PennDesign works to preserve forgotten work by architect Frank Furness

Zip along Kelly Drive too quickly, and you’ll likely miss it—a brownstone arch that sits right at the highway’s edge, flanked by steps that lead up the hill.

It’s not difficult to see why people just pass by. The arch is tagged with graffiti. There’s no sidewalk to encourage pedestrians to walk under the stone structure. Vines and trees partially obscure the ornate arch from view.

Furness arch1-story

Ben Leech/Hidden City Daily

The crew clears plants away from the Furness arch during the clean-up day.

Ruins in a historic city such as Philadelphia are nothing new, but this structure happens to hold significance: It is attributed to Frank Furness, an acclaimed Victorian-era architect responsible for designing landmarks that include Penn’s Fisher Fine Arts Library and the First Unitarian Church of Philadelphia. Furness' incredible influence is still being felt--and appreciated--today. Furness 2012 is a series of events, exhibitions, and openings that celebrate the architect on the 100th anniversary of his death in 1912.

And now, due to a joint effort between students and faculty from PennDesign’s Historic Preservation program, the Fairmount Park Historic Preservation Trust, and the Association for Preservation Technology, the Furness arch, a lesser-known work by the architect, is getting placed in proper historical context and receiving a much-needed cleaning.

The effort began when Brett Sturm, a second-year Master of Science student in the Historic Preservation program, was assigned to study the Furness arch for a project in Professor Frank Matero’s class.
“I had to ask Frank, ‘Where is this thing?’” says Sturm, who searched on Google Maps Street View for the arch’s location.

Once he found the arch, Sturm had to assess its current condition (poor) and research its background. He discovered that the arch’s present-day location on Kelly Drive was not its first. The Furness arch was, in fact, constructed for the 1876 Centennial Exposition—the 100th anniversary of the Declaration of Independence, which, Sturm says, was the “biggest party that had ever been held in the United States up to that time.”

As part of the Centennial, each state’s exhibit included a house, where different products unique to that state were displayed. Furness’ arch was part of the Connecticut house in West Fairmount Park, since that state was famous for Portland brownstone, the arch’s building material.

“It’s such an interesting story on multiple levels,” says Lauren Drapala, a conservator with the Fairmount Park Historic Preservation Trust, who worked to secure funding and city permission for an arch clean-up day. “This arch is part of this [Centennial] moment and it gets to mark a very important throughway.”

In 1886, a decade after the Centennial Exposition, the arch was moved to its current location.

“It was part of a whole different landscape in terms of how people used and accessed Fairmount Park,” Sturm explains. “People would get on steamboats at the Waterworks and ride up the Schuylkill, just for fun, and there was actually a steamboat landing where today, the Strawberry Mansion Bridge is.”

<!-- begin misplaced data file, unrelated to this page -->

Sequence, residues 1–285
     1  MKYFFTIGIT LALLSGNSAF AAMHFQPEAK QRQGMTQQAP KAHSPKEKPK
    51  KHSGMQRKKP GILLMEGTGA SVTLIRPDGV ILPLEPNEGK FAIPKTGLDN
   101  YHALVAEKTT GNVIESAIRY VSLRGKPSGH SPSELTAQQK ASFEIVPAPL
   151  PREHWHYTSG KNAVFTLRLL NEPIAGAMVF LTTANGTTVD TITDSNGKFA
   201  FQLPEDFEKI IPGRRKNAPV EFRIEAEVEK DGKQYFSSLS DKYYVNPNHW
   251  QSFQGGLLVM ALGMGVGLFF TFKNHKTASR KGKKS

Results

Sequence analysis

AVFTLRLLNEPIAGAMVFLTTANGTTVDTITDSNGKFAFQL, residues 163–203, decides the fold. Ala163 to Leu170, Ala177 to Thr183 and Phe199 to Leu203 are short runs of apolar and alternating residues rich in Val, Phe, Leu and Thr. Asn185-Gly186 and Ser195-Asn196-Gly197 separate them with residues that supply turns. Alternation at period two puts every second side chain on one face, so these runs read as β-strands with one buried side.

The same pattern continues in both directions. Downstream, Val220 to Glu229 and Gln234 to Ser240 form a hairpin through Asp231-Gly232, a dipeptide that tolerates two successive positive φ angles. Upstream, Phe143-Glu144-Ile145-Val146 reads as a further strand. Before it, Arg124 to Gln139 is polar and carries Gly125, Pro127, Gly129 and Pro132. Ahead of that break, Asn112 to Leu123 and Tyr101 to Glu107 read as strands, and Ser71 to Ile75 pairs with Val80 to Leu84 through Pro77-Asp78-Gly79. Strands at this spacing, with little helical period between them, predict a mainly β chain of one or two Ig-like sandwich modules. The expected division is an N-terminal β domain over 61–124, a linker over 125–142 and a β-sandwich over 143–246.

Riders would disembark from boats, walk up a set of stairs that led from the river, and then cross under the Furness arch to take a second flight of stairs up to Strawberry Hill Mansion.

Furness arch2-story

Ben Leech/Hidden City Daily

Brett Sturm repairs some mortar between stones on the Furness arch.

But Sturm found that the arch’s current location is less-than-ideal when it comes to keeping the arch in good condition. It’s a wet site, and that creates a problem for brownstone, which is comprised of sandstone with a high volume of clay. Brownstone, Sturm says, is hydrophilic, which means it readily absorbs water. When brownstone sucks up water, it expands, which causes it to pull apart.

“There’s a lot of internal stress in brownstone when you get it wet,” says Sturm. “It’s a notoriously bad building material.”

Before Sturm, Drapala, and the other volunteers could even get to work on the clean-up day in October, they first had to clear trash that had accumulated around the arch. They also trimmed small trees, bamboo, vines, and other invasive urban plant species that threatened to choke the structure.

Sturm explains the preservationists were also able to chip away at some of the older mortar between the stones, which had a high concentration of cement. This old mortar actually becomes impervious to water, and forces moisture to instead travel through the stones itself, which renders them apart. The team replaced the less-porous mortar with materials that contained a higher amount of lime. They were also able to remove some of the graffiti that had marred the surface of the arch.

Drapala, a 2010 graduate of the Historic Preservation program, says she is working to coordinate a second clean-up day in the spring, in conjunction with the city’s biannual “LOVE Your Park” volunteer effort.

“I think spaces like this are perfect ties-in to try and help us understand how the city is constantly evolving and how what we’re doing is part of the same tradition,” Drapala says. “You never know what’s going to change and what will adapt.”

Originally published on November 15, 2012